Flint Hills Discovery Center

Location: 315 S. 3rd Street; Manhattan, Kansas 66502

Cost: Adults $9; Military, Students, Seniors (65+) $7; Children $4; Kids 2 and under free.

Web site:http://www.flinthillsdiscovery.org/

In the months since we visited the Flint Hills Discovery Center, I’ve struggled with how to review it for this blog.  What I’m left with is a profound sense of disappointment:  with all of the thought, planning, and money clearly poured into the development of the Discovery Center, no one took the time to make it accessible for people with disabilities. The bare minimum required by law is there, of course–the doors are wide enough for wheelchairs, for instance–but with all of the years of planning and development, no one thought to take the time to make the center truly accessible for all.

There is no braille, or was no braille as of July 2012–I asked at the front desk when we arrived. The exhibits, although beautiful, are generally out of height range for people in wheelchairs:  items are placed at waist-height or higher for an average adult, which makes them simply too high for those in wheelchairs or many other assistive devices. Although there are fabulous interactive exhibits on the ground floor, many of them are vision-based, making them inaccessible for B/VI kids and adults. It would have been nice if these things had been taken into consideration when the center was developed and designed.

There are still beautiful and amazing things about the Discovery Center. If you go, you must visit the Tallgrass Prairie:  Tides of Time movie in the theatre.  Efrit thought that the movie was reason enough to visit the center.  The doors to the theatre open automatically when the countdown clock hits zero.  There are polymer benches designed to look like limestone.  The movie itself is immersive:  smoke billows across the floor when it covers prairie fires; snow falls from the ceiling when it talks about prairie winters.  It really is an amazing film.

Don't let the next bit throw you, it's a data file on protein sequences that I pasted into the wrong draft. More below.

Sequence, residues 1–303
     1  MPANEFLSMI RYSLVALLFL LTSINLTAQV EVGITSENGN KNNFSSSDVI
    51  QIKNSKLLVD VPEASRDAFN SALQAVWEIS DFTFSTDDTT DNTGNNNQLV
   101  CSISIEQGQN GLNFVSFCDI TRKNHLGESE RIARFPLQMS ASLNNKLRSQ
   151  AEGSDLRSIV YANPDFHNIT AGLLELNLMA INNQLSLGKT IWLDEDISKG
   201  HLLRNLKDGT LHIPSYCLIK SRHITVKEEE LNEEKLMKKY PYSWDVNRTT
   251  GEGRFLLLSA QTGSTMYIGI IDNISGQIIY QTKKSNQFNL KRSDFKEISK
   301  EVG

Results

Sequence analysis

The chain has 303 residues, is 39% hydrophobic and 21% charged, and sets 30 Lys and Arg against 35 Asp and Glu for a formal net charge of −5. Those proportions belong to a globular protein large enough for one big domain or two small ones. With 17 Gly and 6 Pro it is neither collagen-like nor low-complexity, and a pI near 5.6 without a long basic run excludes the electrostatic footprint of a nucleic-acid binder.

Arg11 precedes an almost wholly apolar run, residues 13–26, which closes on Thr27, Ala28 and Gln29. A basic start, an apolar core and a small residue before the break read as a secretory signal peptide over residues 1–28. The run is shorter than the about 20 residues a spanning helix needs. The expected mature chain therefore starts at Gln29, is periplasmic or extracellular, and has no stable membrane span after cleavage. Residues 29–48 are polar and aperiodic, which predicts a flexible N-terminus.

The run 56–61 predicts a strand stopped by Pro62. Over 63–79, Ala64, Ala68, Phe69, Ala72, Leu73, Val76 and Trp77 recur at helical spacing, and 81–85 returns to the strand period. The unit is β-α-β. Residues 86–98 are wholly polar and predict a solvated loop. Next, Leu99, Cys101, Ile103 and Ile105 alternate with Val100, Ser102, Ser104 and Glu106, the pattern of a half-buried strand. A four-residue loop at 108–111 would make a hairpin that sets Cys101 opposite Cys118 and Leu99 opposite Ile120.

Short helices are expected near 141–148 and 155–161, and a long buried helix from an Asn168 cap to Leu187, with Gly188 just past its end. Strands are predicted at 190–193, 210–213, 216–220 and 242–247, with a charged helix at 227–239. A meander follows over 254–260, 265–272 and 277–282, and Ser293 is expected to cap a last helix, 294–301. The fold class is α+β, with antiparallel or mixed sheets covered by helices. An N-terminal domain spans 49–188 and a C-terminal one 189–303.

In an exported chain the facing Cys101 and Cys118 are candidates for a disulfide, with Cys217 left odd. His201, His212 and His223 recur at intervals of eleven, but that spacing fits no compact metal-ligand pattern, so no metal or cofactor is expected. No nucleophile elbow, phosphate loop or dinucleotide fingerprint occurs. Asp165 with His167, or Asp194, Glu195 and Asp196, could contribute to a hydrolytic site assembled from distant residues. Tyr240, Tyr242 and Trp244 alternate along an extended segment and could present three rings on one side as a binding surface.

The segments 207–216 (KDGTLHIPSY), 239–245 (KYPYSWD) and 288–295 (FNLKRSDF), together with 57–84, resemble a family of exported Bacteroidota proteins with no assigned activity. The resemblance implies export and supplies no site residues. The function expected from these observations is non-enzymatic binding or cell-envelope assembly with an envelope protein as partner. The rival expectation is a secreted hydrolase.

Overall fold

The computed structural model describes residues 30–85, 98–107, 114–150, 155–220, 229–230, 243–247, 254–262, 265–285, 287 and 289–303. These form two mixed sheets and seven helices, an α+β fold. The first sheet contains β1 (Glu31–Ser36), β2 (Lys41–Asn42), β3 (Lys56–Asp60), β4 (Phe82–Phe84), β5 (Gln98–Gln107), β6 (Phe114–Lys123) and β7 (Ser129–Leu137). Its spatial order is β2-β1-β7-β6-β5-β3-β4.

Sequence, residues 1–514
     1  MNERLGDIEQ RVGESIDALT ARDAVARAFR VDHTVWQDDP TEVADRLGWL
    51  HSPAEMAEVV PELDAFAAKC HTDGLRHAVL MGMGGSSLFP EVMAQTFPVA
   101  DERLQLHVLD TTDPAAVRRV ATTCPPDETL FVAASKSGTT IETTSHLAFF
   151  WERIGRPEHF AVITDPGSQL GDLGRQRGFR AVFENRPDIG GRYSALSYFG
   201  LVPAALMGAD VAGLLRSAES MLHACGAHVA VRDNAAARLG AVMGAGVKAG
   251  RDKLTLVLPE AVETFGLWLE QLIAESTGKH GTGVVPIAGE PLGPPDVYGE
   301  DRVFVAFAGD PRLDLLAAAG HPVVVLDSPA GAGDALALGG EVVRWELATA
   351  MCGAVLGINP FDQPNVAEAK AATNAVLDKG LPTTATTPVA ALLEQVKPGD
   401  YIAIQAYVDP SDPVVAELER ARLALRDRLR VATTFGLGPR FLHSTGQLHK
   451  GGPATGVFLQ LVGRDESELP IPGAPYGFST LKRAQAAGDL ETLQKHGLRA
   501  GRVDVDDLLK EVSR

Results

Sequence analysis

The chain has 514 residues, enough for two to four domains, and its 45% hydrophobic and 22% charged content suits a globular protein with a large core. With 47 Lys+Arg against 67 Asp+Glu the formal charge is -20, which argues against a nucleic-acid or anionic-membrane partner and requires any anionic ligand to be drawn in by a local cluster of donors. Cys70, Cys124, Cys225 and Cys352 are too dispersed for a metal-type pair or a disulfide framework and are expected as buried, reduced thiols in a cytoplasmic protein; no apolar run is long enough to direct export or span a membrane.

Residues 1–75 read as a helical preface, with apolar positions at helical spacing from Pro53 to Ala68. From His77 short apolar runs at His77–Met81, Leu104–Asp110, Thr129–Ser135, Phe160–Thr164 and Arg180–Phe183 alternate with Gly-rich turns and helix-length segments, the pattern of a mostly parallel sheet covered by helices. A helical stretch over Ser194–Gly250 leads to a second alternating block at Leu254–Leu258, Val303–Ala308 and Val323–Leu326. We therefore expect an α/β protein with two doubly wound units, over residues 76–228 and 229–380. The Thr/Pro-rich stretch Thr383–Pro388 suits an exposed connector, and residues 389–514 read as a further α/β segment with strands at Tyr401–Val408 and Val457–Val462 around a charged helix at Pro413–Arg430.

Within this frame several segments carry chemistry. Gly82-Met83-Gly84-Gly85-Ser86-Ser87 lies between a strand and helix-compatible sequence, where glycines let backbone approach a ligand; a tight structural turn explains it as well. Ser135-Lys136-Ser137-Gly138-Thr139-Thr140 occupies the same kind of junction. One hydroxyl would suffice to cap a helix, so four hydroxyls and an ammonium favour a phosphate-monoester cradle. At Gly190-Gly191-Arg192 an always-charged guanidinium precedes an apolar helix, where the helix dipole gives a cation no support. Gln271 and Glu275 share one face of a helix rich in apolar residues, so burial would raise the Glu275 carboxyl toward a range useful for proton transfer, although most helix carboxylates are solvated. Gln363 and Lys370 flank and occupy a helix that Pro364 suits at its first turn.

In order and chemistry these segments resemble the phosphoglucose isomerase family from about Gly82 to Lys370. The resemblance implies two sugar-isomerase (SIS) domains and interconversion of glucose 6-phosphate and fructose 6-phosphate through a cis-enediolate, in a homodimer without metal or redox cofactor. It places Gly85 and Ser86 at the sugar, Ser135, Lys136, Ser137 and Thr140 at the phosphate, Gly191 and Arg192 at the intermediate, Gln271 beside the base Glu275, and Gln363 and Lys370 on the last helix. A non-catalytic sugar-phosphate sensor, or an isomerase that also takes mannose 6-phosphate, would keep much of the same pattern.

The ground floor has lots of interactive exhibits, although most are vision-based.  There were native heritage exhibits made to look like the structures those peoples made, so there are some tactile elements there.  There are cattle brands to feel, auctioneers to listen to, and a model train that was actually at a height where Peanut could see it easily.  My favorite exhibit was one that showed how deep the roots of prairie grasses are–unfortunately, this is one of the exhibits that is utterly inaccessible for those with vision impairments.

The second floor has a kids’ play area that Peanut and Sprout both adored. There is a Prairie Pipe Organ that plays different prairie sounds, like meadowlarks, prairie chickens, and buffalo; it could be made accessible so easily with the addition of braille labels.  There is an enormous peg light box, where kids can put in clear polymer pegs to make designs–these were easily manipulable, so that our then-11-month-old little girl could play with it by herself.  There are huge magnetic puzzles of prairie creatures, giant turnips ala Mr. Potato Head to manipulate, and a huge toy with a tunnel to crawl through and a slide to spiral down.  There’s an arts and crafts area staffed with very friendly people, and a little baby zone for little guys and gals to romp in.  The second floor was fabulous–it wasn’t as accessible as it could or should be, but it was playable for both Peanut and Sprout.

Although I was awed by the center at the time, in the months since our visit, all of the awe and wonder has been replaced by disappointment.  It would have been so easy to make this center truly accessible–and no one took the time or thought to do so.

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